More Tea Exploration For You

I’ve had a lot of fun exploring the world of tea leaves and flavors with you thus far, but there is still so much more to learn about tea and its place in the world. It grows and changes in significance as cultures do, and we’ve already discussed that it is the most widely consumed beverage in the world next to plain ‘ol water. It started as a medicine and became a lifestyle, and there is much to gain from its consumption. But I have barely scratched the surface with you. I hope to continue bringing you more information and interest about the world of tea, but in the meantime I wanted to leave you with other places to continue your exploration of this global phenomenon.

If you’re interested in documentaries, there is one called “All in This Tea” Which is an exploration into Chinese tea production and the dangers posed to the ancient tradition of a high quality cultural beverage, which has been giving way to cheaper mass-produced variations that have abandoned many traditions and tea growing principals that made the tea of China’s past days so coveted. Here’s a preview:

Tea is also an agricultural product steeped in ethical issues in terms of the conditions under which is it is farmed and marketed. Much like the exploitation found in the coffee-growing business, tea farming has reflected that trend for centuries starting with the tea plantations and continuing into today with labor being compensated for way under what is necessary for citizens of some under developed countries to thrive. Thus, the need for fair trade organizations. I discussed this in a previous post, but it is worth mentioning again. If you’re passionate about your tea and about being an activist, check out some of the NGOs that support fair trade in tea, such as Ethical Tea Partnership, and this site which tells you about sustainable and fair trade companies that sell tea.

Go out and do your own research about the beverage you love and feel free to discuss some of your findings with me. There is more economic significance to it than even I managed to discuss in previous posts (Consider Burma and the tea farmers’ strife), and the traditionally large producers such as India, who has its own government organization dedicated to the tea market; China, the mother of tea which faces issues with mass production of tea as it does with many of its modern markets; or Japan, where tea still plays a very central part to the country culture as a whole.

This one special plant is very central to life and livelihood in Asia, and it is a subject worth looking into. If you started with me, I’m glad we could learn more about it together.


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Tea Ritual: Ceremonies and Traditions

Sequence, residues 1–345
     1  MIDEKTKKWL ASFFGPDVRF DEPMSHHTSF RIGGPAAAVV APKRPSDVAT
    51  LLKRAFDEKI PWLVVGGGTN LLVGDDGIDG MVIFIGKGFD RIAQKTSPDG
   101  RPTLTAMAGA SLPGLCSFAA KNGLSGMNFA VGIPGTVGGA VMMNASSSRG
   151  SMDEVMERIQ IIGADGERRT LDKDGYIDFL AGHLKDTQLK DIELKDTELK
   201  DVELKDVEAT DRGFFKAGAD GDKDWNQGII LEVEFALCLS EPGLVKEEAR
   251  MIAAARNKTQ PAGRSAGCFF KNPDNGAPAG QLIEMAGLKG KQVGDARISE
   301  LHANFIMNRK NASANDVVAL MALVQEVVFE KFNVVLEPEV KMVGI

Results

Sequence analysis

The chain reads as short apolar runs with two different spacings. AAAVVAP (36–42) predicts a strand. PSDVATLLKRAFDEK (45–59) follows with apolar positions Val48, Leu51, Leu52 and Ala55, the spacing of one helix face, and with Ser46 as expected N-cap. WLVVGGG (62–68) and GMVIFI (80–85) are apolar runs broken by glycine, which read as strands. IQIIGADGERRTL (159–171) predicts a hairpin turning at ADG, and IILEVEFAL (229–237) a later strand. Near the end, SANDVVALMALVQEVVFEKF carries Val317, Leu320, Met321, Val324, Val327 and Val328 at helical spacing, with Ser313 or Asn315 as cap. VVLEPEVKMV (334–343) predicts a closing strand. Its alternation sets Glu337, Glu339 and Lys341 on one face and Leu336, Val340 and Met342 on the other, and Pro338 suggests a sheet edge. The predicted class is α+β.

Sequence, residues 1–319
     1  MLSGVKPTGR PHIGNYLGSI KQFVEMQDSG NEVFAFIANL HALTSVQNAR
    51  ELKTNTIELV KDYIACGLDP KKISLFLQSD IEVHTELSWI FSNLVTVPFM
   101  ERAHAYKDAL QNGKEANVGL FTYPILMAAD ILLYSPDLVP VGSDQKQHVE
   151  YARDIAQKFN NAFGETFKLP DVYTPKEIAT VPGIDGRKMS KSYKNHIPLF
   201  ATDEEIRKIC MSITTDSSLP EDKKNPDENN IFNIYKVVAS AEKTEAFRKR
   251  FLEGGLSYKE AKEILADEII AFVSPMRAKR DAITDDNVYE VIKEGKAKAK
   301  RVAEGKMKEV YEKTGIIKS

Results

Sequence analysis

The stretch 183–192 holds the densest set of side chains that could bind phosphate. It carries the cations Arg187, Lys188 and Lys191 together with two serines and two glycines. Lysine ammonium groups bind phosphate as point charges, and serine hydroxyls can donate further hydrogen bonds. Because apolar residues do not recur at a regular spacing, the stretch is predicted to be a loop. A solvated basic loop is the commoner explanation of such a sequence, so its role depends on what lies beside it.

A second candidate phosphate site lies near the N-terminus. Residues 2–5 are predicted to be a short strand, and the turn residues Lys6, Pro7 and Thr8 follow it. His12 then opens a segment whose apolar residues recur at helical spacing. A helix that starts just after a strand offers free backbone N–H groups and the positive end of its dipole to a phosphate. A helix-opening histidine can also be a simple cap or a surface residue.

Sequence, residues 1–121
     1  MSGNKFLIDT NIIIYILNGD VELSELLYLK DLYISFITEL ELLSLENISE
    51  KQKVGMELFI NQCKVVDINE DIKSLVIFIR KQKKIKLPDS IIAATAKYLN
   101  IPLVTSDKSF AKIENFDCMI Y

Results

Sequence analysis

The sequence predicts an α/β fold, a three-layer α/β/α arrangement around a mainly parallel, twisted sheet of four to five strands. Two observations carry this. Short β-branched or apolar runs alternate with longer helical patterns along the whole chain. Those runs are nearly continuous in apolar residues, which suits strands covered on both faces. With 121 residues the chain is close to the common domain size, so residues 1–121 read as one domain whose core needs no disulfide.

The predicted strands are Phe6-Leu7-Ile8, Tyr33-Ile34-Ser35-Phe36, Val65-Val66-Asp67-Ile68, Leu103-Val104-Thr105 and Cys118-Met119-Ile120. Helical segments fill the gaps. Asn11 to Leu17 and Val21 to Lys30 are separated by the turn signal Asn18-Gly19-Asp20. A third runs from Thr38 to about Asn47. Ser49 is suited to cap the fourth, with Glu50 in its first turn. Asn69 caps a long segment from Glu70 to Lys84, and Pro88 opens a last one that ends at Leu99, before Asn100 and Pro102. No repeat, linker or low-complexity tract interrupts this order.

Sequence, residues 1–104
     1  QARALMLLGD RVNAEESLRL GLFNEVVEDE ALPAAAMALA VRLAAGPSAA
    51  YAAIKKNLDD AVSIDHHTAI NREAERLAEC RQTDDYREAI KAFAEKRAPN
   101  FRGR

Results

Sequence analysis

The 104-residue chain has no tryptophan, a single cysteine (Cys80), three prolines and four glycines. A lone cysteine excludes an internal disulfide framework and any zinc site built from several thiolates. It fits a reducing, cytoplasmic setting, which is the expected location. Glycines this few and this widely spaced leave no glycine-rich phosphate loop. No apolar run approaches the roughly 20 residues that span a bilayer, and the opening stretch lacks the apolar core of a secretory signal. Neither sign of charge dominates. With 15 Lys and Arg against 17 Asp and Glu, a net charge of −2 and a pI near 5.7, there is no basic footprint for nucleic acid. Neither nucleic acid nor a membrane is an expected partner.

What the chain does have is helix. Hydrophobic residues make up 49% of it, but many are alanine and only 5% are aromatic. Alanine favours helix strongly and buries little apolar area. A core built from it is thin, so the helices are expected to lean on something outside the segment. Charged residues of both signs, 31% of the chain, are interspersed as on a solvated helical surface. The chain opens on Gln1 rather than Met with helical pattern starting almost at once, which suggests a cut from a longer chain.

Many people who know anything about Japanese culture know about the famous tea ceremony performed there and may have an idea about the significance of it to the people of Japan. However, most people are not aware that the ceremony came from China (unless you read my blog), or that China, Japan, Korea, and Vietnam all have their own distinct ceremonies that vary from one another, and many other countries have their own culture surrounding tea. This post’s purpose is to do a little exploring into the traditions and differences between these traditions for my own education and for yours, too.

The diffusion of the tea ceremony is a good example of enduring symbolism and tradition in Asian countries, but also yet another example of the spread of tradition from one country to the next. It would take up a LOT of room trying to explain the processes and variations between the different types of tea ceremonies in this single post, so I am going to share a video of each type. They’re all super interesting, so give them a view.

Japanese: I chose to start with this one because of its status as the most well-known of the ceremonies. People go to a school to learn and master the art of the tea ceremony! It sounds a little crazy, but I admire the cultural dedication.

Here is a basic instructional video about how to perform a “basic” Japanese  tea ceremony:

A Chinese ceremony:

And a Korean ceremony:

A note that I have found with Vietnamese tea ceremonies is that they are often performed in conjunction with a wedding because of a Buddhist tradition that allegedly dates back to China, which I found very neat. If someone out there has more information, I’d love to hear it!

One of the most interesting things I have noticed is the intense pride a country has in their tea culture and ceremonies. There is a lot of argument on origin in some of the video comments that I looked through when choosing these. Regardless, tea culture in each of these countries is something that they take pride in and is, in part, a way of life. Meditation, contemplation, and a return to a more harmonious and natural state is the goal here for each culture. It differs quite a bit from western traditions, but no matter where you go, a formal tea tradition is something wonderful to view and be a part of.


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The Modern Geography of Tea (and its Varieties)